Place the conductive thread on the stickytape, with one end sticking slightly off the edge of the stickytape.  Then cover the end with conductive fabric.   Make sure the conductive fabric is half off the stickytape, or at least off enough to be able to grab the end with an alligator clamp.  Cover the conductive thread with the velostat.

Make another one of these, exactly the same.  Then, stick the two pieces together, inner sides together and with the conductive thread sticking out on either end. We made 10, but depending on your project, you may want to make more or less.

Basic testing of the pressure sensors:

They can be connected and tested with a simple circuit and arduino code mentioned here.

Probably the most important thing to remember is that you may need to tune pressure thresholds in the arduino code, depending on how heavy the landmarks objects and the navigation tools are.  We will talk more on this as we finish building the map.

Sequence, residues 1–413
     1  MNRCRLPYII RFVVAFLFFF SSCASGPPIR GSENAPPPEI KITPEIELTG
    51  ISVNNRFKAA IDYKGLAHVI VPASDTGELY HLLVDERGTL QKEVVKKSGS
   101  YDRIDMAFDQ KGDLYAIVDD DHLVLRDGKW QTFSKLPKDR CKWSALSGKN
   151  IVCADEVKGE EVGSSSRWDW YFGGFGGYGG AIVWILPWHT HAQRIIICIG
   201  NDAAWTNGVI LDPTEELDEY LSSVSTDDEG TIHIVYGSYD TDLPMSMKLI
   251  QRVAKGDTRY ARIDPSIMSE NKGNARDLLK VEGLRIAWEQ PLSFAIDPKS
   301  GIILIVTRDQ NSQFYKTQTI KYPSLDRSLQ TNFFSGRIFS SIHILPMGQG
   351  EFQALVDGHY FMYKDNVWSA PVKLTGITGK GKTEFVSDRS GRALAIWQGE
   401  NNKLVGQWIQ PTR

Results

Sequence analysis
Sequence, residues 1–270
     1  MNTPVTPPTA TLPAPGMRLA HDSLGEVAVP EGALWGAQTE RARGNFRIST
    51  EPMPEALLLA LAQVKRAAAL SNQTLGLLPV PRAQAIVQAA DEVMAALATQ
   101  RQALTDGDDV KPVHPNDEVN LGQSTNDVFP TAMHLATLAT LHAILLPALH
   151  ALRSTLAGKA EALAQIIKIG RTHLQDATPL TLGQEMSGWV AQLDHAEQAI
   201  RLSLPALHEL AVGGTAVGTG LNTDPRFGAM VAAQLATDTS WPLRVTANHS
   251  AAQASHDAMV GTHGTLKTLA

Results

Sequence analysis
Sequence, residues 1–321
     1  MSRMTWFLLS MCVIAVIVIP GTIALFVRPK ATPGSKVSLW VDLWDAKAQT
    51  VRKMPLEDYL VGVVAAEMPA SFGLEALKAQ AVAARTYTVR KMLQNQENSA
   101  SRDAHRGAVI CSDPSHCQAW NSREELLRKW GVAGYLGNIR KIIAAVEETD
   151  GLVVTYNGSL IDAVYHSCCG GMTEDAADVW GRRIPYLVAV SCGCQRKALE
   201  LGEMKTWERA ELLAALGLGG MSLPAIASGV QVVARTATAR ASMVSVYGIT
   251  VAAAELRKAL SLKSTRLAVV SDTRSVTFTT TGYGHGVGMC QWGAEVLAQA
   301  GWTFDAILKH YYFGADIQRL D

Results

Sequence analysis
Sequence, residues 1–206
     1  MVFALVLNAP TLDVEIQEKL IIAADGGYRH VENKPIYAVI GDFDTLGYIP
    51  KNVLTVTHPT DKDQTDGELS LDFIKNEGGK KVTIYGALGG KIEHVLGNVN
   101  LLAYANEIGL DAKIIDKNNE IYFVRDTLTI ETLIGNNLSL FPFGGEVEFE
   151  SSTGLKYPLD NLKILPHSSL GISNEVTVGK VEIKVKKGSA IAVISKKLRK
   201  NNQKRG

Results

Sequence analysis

Step 5: Printing Landmark Objects


3D printed objects
Plastic primer and acrylic paints

Styrofoam blocks
White acrylic base for gluing the Hollywood letters

4 x Basswood sheet for space center compounds each of size 2.5 in x 0.8 in x 0.125 in

Golf ball
Aluminum foil

2 x Small rectangular foams for the base of liberty  - 0.9 in x 0.8 in x 0.7 in,   1.5 in x 1.4 in x 0.2 in


For all of these objects, we estimated what size we wanted them printed.  As stated before, one of our main problems was scability and printing the objects a good size relative to the map.  Unfortunately at this point we did not have the map printed, so we were estimating how big we wanted the objects, which caused some problems later in the project.  We would recommend printing the map BEFORE printing the objects, that way, there you will have a clearer idea of what size the object need to be.

After we printed each of the objects, we needed to paint them to look like the landmarks.  It was very important to prime them first, since the 3D material is very close to plastic and acrylic paint will have a hard time adhering to the objects without it.

Hollywood Sign

The model can be found at Google's Sketchup Warehouse.

Once the model was printed, we glued it on the acrylic base for stability.  We primed and painted it white to match the real sign.